Again Julia smiled. Life was good. God had certainly blessed them.

“Papa was wrong,” she whispered, giving the needle an extra thrust for emphasis. “John Harrigan
support me in the manner to which I am accustomed.”

Julia almost chuckled at the thought of her father’s concern. She looked about her. The east parlor walls were papered with soft yellow roses, the furniture was white wicker, padded liberally and covered with yellow chintz. Everything about the room spoke of comfort and a family of means.

Beyond the doors, rich walnut furniture highlighted the dining room. Deep, skillfully patterned carpet covered the floor, and fine china graced the table.

The large, bright entrance hall featured a winding staircase that led to comfortable and homey bedrooms above. Pastoral pictures, gentle in expression and presenting a sense of harmony and peace, lined the hallway.

In fact, everything about the house spoke of quietness and calm. Julia had always dreamed of having a home that would convey to her family and guests strong feelings of tranquillity. Knowing this, John gave her every opportunity to create a peaceful atmosphere in their home.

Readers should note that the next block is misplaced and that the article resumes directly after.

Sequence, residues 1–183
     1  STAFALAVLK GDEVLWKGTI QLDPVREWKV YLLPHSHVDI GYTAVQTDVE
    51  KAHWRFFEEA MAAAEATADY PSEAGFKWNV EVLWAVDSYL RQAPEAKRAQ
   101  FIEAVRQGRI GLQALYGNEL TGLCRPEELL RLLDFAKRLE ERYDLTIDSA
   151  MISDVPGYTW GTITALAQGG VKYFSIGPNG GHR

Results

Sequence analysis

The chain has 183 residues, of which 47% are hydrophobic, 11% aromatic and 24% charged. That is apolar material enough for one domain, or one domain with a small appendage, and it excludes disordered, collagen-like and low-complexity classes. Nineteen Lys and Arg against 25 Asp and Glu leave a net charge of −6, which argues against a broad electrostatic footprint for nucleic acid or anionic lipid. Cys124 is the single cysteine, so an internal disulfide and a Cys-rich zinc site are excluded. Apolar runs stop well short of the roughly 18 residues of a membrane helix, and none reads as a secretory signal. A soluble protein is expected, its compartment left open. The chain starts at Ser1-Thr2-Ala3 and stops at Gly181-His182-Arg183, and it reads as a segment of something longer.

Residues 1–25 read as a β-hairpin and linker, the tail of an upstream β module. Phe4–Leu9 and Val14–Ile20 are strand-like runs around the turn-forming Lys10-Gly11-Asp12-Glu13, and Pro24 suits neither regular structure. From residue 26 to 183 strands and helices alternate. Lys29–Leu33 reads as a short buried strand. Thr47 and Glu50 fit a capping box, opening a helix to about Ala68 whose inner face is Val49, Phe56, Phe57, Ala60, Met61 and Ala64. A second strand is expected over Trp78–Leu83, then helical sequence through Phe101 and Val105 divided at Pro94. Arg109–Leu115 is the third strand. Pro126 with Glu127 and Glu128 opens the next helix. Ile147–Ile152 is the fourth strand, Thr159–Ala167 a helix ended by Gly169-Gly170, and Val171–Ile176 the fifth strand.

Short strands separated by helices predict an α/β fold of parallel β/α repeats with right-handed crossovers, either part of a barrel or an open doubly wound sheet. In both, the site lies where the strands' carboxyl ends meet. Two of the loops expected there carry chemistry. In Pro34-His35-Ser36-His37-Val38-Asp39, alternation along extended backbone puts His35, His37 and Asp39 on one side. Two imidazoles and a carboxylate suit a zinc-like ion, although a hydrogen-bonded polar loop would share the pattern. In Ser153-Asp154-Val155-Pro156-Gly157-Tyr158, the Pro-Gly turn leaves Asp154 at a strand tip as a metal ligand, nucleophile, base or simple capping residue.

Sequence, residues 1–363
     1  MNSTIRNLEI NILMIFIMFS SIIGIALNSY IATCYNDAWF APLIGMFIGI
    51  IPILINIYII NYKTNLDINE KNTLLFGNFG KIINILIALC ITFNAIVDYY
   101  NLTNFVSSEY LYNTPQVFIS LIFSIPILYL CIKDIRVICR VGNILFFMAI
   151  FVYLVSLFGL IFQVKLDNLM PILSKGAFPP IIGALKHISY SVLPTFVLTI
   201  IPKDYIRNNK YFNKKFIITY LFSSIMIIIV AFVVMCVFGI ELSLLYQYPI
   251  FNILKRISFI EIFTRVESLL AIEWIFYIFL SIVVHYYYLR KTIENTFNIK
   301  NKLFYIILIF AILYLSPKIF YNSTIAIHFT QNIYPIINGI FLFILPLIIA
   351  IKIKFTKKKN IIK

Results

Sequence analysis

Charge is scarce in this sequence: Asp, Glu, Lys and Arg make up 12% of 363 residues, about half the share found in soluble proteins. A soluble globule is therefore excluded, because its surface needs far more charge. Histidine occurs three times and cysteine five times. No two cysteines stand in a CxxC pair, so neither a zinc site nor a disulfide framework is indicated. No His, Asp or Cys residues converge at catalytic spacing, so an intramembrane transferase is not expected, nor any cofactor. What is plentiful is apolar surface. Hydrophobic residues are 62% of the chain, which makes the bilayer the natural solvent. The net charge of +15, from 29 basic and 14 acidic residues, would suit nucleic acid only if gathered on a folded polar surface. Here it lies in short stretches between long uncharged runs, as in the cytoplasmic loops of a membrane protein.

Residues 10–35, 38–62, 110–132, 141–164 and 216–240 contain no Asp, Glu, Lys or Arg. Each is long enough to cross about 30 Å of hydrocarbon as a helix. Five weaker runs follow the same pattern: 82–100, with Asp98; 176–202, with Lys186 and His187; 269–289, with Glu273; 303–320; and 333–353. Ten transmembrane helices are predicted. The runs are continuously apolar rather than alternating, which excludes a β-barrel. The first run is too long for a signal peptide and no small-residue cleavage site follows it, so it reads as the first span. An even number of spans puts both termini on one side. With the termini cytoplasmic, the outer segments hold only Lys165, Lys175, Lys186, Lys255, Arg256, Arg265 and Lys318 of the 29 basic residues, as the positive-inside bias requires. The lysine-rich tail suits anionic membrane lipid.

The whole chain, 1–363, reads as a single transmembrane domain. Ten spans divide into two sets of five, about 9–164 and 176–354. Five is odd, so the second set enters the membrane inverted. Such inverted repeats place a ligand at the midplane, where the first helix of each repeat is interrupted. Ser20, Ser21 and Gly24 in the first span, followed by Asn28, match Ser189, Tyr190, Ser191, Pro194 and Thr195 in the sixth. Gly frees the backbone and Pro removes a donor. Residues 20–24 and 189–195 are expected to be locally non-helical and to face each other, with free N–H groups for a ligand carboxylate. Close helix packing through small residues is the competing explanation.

Raised in the East and educated in a fine school, Julia had been brought up to be a woman of gentle spirit. But when she met the young John Harrigan, a rugged westerner, she did not hesitate to make her choice known. Even her father was amazed at the way she put her dainty foot down.

“I want to marry him,” she insisted.

“Think, girl!” her father roared. “You are used to finery and ease. Do you think this rough woodsman will be able to provide it for you?”

“I really don’t care,” she responded. “Surely there is more to life than tea parties and silk dresses.”

“Yes, there is more to life. There is poverty and need and hungry, unkempt children. But I do not wish it for an offspring of mine.”

She pleaded then. “Oh, Papa. Please—I beg of you, don’t send him away. I would rather have little with this man by my side than a fine mansion and someone I don’t love.”

In the end her father gave in, though reluctantly.

“I am thankful that your dear mama isn’t alive to see you leave for that godforsaken wasteland,” he whispered as he kissed her goodbye after the wedding ceremony. “She would never forgive me.” His heavy sigh told Julia that he suffered because of her going.